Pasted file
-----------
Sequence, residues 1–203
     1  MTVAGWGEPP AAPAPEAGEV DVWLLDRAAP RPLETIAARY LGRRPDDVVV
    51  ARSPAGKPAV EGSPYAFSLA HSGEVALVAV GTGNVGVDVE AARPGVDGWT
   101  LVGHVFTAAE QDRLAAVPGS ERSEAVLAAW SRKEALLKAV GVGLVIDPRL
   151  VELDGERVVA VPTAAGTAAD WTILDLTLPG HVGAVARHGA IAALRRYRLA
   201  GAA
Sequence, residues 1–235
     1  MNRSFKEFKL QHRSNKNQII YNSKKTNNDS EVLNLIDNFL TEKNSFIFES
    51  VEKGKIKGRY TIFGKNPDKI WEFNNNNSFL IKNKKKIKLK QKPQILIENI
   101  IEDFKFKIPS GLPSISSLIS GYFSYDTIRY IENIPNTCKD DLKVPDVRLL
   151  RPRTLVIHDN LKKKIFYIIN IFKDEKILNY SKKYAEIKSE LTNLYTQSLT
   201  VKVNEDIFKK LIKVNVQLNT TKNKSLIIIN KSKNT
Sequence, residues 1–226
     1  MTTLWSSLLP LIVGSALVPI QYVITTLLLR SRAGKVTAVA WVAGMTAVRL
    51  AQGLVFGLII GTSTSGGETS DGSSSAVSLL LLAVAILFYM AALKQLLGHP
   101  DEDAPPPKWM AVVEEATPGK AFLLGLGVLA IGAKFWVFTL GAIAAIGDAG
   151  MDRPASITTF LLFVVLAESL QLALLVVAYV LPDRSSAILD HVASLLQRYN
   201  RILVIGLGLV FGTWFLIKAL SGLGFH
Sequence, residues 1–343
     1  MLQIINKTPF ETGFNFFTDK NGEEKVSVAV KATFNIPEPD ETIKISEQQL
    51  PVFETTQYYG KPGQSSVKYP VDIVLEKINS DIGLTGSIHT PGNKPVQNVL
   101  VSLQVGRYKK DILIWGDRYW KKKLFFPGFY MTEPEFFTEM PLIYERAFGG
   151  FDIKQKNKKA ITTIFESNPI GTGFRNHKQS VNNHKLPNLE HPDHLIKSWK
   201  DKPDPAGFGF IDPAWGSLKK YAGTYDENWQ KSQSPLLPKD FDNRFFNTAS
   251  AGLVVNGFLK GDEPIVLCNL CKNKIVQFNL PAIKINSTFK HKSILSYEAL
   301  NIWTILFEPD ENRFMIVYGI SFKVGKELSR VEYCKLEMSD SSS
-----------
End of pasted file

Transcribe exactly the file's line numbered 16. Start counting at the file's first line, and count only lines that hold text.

   101  DEDAPPPKWM AVVEEATPGK AFLLGLGVLA IGAKFWVFTL GAIAAIGDAG